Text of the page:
Having supplied race equipment to all levels of Australian motorsport for over 20 years, we have seen just about everything when it comes to imitation products. We also know it can be expensive to set yourself up with the equipment you need to get on track – here is why it’s worth buying a genuine product that is guaranteed by Sabelt, as a result of their stringent product testing and precise quality control. Sabelt is the only harness manufacturer with their own fully-equipped testing facility, which allowed them to produce the first FIA 8853-2016 homologated racing belt.
When you buy non-genuine, you are guaranteed nothing – especially not your safety.
For this example, we are comparing a Genuine Sabelt Steel Series 4-Point Harness (valued at $341) with one advertised to be the same from eBay, which we purchased for just over $120. The belt is claimed to be FIA approved until 2022, and supplied with a 1-year warranty – we hope to show you that it is not only a waste of money, but a serious risk to purchase and use non-genuine racing harnesses.
The videos below demonstrate the difference between fake and genuine race harnesses in the event of an accident.
Fake 4-pt Harness Crash Test
Genuine Sabelt 4-pt Harness Crash Test
Shop Genuine Sabelt Harnesses at V-Sport
Comparing Fake & Genuine Race Harnesses
At first, the packaging appears very similar – correct colour and logos, and despite the obvious size difference that comes with our genuine one being a twin-pack, you would be forgiven to think so far so good. But the high-contrast imagery on the packaging suggests it’s a scanned copy of the genuine item.
Perhaps most importantly, the fake harness packaging has no SKU or identifying features. Our Genuine Sabelt harness shows important information like serial number, manufacture date and of course the product part number.
Side by Side
The fake harness’ buckle is a very simple design, not similar at all the genuine item. Although the buckle seems to operate fine, the hardware feels cheap and rushed, with signs of paint damage showing even before the harness could be installed.
The fake harness features a similar label, but no FIA hologram or serial number.
The fake harness uses a very basic snap-hook design with no locking function or identifying features.
Additional engineering in the genuine buckle provides increased strength, weight reduction, and aesthetic value compared with the fake item.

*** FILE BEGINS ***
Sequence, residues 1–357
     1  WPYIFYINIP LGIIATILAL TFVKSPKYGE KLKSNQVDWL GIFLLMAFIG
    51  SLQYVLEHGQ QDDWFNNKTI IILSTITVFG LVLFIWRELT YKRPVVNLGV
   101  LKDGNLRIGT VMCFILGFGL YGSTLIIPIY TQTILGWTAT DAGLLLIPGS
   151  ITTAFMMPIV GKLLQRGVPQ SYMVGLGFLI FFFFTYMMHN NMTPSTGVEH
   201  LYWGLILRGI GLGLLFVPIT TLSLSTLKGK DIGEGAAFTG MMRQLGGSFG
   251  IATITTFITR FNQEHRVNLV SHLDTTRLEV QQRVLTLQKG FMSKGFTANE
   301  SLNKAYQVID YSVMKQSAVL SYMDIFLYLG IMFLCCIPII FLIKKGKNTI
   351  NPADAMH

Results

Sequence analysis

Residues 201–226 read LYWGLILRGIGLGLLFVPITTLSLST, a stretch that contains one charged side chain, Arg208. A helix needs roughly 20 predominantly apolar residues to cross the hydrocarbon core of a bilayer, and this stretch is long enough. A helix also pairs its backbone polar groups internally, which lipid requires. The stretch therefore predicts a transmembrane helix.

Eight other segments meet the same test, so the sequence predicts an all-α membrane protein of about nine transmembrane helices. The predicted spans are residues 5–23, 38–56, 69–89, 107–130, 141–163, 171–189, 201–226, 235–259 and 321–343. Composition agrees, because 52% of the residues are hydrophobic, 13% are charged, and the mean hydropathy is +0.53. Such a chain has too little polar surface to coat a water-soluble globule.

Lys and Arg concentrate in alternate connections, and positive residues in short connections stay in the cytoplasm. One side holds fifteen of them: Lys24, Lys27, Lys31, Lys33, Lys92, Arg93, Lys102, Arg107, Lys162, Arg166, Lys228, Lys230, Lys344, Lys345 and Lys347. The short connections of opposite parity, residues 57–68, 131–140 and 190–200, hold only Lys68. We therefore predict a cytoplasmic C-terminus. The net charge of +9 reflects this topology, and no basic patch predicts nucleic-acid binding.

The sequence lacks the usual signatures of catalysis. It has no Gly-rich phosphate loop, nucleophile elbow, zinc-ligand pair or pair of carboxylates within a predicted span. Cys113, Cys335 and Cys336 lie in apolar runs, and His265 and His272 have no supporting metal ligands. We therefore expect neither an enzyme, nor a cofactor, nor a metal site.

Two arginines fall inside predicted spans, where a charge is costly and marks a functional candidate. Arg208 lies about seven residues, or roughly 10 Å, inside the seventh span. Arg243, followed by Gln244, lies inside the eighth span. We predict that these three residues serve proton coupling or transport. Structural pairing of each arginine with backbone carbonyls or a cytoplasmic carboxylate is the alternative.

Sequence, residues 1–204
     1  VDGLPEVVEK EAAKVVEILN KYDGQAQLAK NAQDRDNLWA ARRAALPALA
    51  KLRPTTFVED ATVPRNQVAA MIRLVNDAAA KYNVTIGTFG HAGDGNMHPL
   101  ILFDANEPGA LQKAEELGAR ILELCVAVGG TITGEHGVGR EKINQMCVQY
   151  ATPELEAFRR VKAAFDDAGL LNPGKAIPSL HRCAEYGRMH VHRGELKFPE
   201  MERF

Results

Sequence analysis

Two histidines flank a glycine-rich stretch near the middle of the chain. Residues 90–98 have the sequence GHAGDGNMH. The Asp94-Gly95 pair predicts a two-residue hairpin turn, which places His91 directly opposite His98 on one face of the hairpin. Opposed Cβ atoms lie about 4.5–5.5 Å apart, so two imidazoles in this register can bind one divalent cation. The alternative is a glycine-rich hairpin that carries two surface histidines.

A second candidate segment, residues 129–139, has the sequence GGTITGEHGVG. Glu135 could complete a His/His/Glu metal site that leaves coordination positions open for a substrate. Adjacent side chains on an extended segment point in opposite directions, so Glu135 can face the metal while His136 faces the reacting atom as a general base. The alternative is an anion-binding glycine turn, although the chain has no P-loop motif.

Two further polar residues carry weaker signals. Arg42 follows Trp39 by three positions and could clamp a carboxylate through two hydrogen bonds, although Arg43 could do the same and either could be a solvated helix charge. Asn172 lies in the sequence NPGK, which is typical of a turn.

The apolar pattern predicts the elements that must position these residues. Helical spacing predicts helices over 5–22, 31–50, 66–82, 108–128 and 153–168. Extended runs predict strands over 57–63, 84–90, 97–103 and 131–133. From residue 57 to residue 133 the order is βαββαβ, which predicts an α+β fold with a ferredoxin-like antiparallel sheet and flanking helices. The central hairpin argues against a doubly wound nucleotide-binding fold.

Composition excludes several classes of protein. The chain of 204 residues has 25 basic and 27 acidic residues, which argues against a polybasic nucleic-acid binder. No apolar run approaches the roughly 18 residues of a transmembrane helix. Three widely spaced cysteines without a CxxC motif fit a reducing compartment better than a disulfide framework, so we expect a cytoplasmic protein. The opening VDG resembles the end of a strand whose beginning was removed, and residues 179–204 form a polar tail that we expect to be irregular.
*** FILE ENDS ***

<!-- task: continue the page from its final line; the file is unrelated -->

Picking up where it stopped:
It also has a much nicer feel with smoothed edges and operation compared to the fake item.
Our genuine harness features the holographic FIA mark of certification, and a serial number so the product can be identified and traced through the manufacturing process.
The genuine belt’s snap-lock features a refined spring-loaded clasp which can be secured with a locking pin, and also features identifying stamps.
Comparing the shoulder strap adjusters of the two belts, you can see that once again the genuine item on the right is spring-locking and once again includes quality control/manufacture stamps to prove it exceeds the FIA standard and is fit for use in a racing environment. The single-piece adjuster of the fake belt has no identifying features to suggest it has been tested or evaluated for safety. The velcro adjuster tab is also a great example of how fake manufacturers take a ‘close enough is good enough’ approach.
The difference in quality and attention to detail is clear when comparing how the Sabelt logos are stitched to the shoulder straps – which, like most other aspects of we have compared, there is a great divide in quality assurance – if this isn’t warning enough to shop genuine, see the crash test clips below.
The rear of the genuine buckle (left) shows a manufacture date, and you can see the smoothed edges and refined design of the release lever compared to the fake, missing all of the above. Finer details like this improve user experience, longevity and of course prove the certification of the belt.
Compare the stitching patterns above, where the belt material loops around to attach to snap-locks and tabs that lock into the buckle. Just by eye, you can see that the genuine belt (left) uses a much denser stitching pattern, which is surely the result of impact testing. Again, there is no guarantee that the fake belt on the right has been tested in any way.